How to Behave at the Theater


Utah County has so much live theater, it’s leaking out at the seams and getting goo all over the adjacent counties. Still, there are some who don’t attend the theater and might be hesitant to try, for fear of committing a social “foe paw,” pardon my French.

Here, then, is a guide to proper theater etiquette, as observed in Utah County.

• Babies love theater. Bring them, no matter how young. It is perfectly acceptable to give birth in the car on the way over and then bring the baby, still dripping, into the theater. Babies love theater.

• If a thought occurs to you, be sure to say it out loud, even if it’s in the middle of the play. A thought that remains unspoken is a wasted thought. If you think one of the actresses is wearing a pretty dress, you should say: “That’s a pretty dress.” If a character reveals something he shouldn’t have, in a manner that will surely lead to humorous complications, you should say: “Whoops!” (Also acceptable: “Uh-oh!”) If you are watching “Beau Jest” at the Hale Center Theater Orem, and seven of the play’s eight characters are already onstage, and someone knocks at the door, and process of elimination tells you it must be Chris, you should say, out loud: “Chris!” A whisper is acceptable in each of these instances, but make sure those around you can hear, so they can share in your excitement over having had a thought.

• Eat like a @#$% pig. Theaters wouldn’t sell concessions if they didn’t want you to enjoy them. Unwrap candy slowly and delicately, savoring every second of unwrappy goodness. If you can find a bag of Skittles in which each Skittle has been individually wrapped in its own cellophane bag, even better. If your candy has somehow been rigged to a box of dynamite, and each bite you take sets off another explosion, that’s fine, too. An audience full of candy-wrapper noise is a happy audience!

• Don’t worry about “dressing up.” If you have shoes on, you’re ready. Is there a hole in your sweatpants? Tie a sweatshirt around your midsection, and go to town.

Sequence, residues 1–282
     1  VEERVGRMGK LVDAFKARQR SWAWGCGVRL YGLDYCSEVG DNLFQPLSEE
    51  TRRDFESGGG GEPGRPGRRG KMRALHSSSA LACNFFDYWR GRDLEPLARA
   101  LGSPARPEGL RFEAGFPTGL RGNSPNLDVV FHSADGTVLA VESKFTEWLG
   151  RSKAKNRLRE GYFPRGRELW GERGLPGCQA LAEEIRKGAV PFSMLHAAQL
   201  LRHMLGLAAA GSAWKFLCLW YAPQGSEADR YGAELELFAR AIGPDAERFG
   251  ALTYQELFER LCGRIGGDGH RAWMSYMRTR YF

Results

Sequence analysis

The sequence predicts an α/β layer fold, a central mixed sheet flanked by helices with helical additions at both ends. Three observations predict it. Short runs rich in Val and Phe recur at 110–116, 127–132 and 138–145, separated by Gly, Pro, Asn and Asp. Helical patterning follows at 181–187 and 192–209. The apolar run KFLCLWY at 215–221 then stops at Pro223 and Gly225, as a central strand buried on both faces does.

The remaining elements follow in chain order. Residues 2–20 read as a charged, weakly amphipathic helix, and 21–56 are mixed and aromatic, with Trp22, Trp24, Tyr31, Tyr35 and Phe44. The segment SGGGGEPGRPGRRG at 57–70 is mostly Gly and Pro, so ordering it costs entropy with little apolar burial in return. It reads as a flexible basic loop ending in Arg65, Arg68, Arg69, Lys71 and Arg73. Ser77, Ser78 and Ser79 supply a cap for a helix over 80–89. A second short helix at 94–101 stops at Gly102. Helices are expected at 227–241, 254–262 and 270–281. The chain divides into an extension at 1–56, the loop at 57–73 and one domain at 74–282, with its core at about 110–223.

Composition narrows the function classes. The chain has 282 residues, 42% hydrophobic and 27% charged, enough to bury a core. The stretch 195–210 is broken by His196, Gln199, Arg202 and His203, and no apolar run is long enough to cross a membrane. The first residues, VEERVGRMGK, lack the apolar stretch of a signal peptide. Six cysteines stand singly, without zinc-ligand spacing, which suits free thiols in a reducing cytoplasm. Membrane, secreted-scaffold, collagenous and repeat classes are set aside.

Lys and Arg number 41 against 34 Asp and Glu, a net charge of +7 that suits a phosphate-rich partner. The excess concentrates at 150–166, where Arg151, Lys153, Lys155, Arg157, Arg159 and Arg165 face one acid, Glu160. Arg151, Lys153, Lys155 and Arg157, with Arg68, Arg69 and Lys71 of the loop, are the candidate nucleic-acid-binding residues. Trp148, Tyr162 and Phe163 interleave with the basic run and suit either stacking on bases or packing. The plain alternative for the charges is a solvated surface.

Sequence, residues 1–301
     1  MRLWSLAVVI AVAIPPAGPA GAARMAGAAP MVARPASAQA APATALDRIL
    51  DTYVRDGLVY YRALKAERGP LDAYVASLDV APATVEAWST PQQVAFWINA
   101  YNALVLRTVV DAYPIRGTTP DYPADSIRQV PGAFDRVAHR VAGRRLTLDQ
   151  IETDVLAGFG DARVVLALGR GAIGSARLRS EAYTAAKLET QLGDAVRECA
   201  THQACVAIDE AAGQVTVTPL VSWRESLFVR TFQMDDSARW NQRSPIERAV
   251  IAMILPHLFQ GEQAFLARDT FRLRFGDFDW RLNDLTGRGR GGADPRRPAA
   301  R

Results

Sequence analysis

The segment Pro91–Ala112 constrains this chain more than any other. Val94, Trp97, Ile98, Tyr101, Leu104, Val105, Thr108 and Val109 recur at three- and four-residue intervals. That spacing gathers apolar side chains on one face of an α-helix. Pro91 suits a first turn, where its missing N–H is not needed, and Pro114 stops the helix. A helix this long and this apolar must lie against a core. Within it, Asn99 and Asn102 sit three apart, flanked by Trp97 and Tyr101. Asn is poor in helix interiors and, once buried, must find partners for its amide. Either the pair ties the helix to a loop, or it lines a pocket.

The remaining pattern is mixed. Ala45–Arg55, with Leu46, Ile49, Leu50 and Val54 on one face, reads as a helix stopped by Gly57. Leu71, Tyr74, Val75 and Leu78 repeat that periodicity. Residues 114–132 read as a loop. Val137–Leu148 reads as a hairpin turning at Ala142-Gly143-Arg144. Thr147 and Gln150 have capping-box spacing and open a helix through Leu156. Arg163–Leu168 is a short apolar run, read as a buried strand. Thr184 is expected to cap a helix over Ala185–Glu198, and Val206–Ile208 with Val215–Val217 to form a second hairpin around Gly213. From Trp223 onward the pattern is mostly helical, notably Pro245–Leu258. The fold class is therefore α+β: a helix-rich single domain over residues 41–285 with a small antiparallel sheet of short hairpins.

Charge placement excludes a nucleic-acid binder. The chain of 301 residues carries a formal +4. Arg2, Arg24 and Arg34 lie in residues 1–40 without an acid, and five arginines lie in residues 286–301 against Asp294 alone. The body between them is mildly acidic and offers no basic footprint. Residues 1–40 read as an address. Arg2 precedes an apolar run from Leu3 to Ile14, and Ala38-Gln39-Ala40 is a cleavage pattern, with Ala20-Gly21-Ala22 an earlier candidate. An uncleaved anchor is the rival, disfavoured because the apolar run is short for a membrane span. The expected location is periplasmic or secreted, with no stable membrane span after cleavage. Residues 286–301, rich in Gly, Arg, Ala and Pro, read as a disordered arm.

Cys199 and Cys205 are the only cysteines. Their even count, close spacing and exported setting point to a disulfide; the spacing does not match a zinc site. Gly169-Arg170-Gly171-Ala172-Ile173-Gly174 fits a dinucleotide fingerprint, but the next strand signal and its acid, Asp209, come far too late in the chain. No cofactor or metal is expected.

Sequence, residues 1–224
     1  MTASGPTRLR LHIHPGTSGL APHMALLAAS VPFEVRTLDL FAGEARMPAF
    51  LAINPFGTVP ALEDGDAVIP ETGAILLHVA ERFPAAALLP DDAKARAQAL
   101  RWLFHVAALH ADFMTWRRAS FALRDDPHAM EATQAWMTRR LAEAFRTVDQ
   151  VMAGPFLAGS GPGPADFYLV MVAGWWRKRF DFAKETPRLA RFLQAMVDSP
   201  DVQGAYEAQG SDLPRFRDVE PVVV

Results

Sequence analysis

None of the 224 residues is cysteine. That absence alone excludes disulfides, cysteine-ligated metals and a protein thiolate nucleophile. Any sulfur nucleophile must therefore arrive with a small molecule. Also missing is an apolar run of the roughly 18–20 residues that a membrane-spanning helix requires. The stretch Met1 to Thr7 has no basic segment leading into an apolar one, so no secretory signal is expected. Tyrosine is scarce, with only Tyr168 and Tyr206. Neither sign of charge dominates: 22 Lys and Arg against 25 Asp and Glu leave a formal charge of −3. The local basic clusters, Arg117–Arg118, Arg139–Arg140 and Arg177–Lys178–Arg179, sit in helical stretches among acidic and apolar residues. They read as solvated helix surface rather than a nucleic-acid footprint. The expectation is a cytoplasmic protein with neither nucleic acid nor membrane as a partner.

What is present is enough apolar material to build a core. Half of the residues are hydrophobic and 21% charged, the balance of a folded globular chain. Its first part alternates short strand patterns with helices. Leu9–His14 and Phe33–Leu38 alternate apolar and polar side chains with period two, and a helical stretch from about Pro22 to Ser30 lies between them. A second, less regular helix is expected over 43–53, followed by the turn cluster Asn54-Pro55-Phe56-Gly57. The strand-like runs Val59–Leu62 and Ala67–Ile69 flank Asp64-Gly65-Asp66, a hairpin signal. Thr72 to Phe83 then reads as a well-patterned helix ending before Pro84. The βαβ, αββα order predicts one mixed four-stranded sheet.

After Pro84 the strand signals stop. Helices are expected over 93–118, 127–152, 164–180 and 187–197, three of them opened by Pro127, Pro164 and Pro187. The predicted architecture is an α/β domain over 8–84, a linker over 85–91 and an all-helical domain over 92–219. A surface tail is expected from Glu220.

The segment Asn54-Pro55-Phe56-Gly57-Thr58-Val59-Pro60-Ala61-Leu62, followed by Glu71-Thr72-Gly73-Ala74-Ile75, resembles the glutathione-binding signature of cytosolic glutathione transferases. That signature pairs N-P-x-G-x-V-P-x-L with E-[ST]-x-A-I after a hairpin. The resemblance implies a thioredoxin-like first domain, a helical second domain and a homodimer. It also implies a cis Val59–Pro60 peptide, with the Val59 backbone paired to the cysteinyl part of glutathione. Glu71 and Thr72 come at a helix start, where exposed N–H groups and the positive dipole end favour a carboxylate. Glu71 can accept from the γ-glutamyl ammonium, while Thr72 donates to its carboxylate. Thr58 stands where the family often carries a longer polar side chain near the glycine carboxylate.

• Only nerds show up before a play starts.

• Choose the right things to be offended by. Shows featuring racism (“The King and I”), adultery (“Camelot”), spousal abuse (“Carousel”), sexism (“Seven Brides for Seven Brothers”) or any other offensive behavior are perfectly OK, as long as the characters are amusing, and as long as they sing and dance a lot. But if the characters drink or use profanity, complain to the management.

• Turn your cellphone off. But if you forget and it rings during the show, don’t just quickly silence it, as that would be rude to the caller. Instead, answer it, and have this conversation: “Hello … yeah … no, I’m in a play … yeah … yeah, it’s pretty good … OK … OK … yeah … bye.” You should convince yourself that you are whispering quietly enough not to be heard by others, but trust me, this is not true.

• A play a day keeps the doctor away. If you feel yourself coming down with a cold, cough, flu, tuberculosis or the consumption, do not see a doctor. Go immediately to the theater — to a comedy, if possible, so that every burst of laughter can turn into a loud hacking. Do not bring lozenges, as unwrapping them might disturb other patrons.

• Be a true “patron of the arts.” If you ignore all shows except “Joseph and the Amazing Technicolor Dreamcoat,” which you see each time it is performed; if you dismiss all Shakespeare plays as being “boring” without even seeing them; if you won’t watch anything unless it’s a musical, comedy or musical comedy; if you have seen more than five plays this year in which a man dresses as a woman for comedic purposes; if you believe the actors having learned their lines is enough to constitute a play being “real good”; if any of these apply, then feel free to proudly proclaim yourself a true patron of the arts! Hooray and huzzah!

Is there such a thing as gentle sarcasm? Because this column is sarcastic, obviously, but not heavily bitter. Plus, it is my theory that everyone agrees with me on how to behave at the theater -- including people who violate the rules. If you asked 100 people whether it's rude to talk during a show, they'd all say yes. And yet, if you observed them, you'd find 75 of them doing it.

Maybe it's obvious, but the "Beau Jest" example is from my real life. When Chris knocked on the door, I heard no fewer than five people around me say, "Chris!" It was a stunning achievement in the field of stating the obvious.

I asked Luscious Malone for her input on this column, and she brought up the cellphone and coughing things. Tanny Tantan brought up that you shouldn't sing along with the songs, but the only person I've ever witnessed doing that was Luscious Malone, so I didn't think it counted.

(By the way, I think "cellphone" should be two words, but the Daily Herald thinks it should be one. And thus it is.)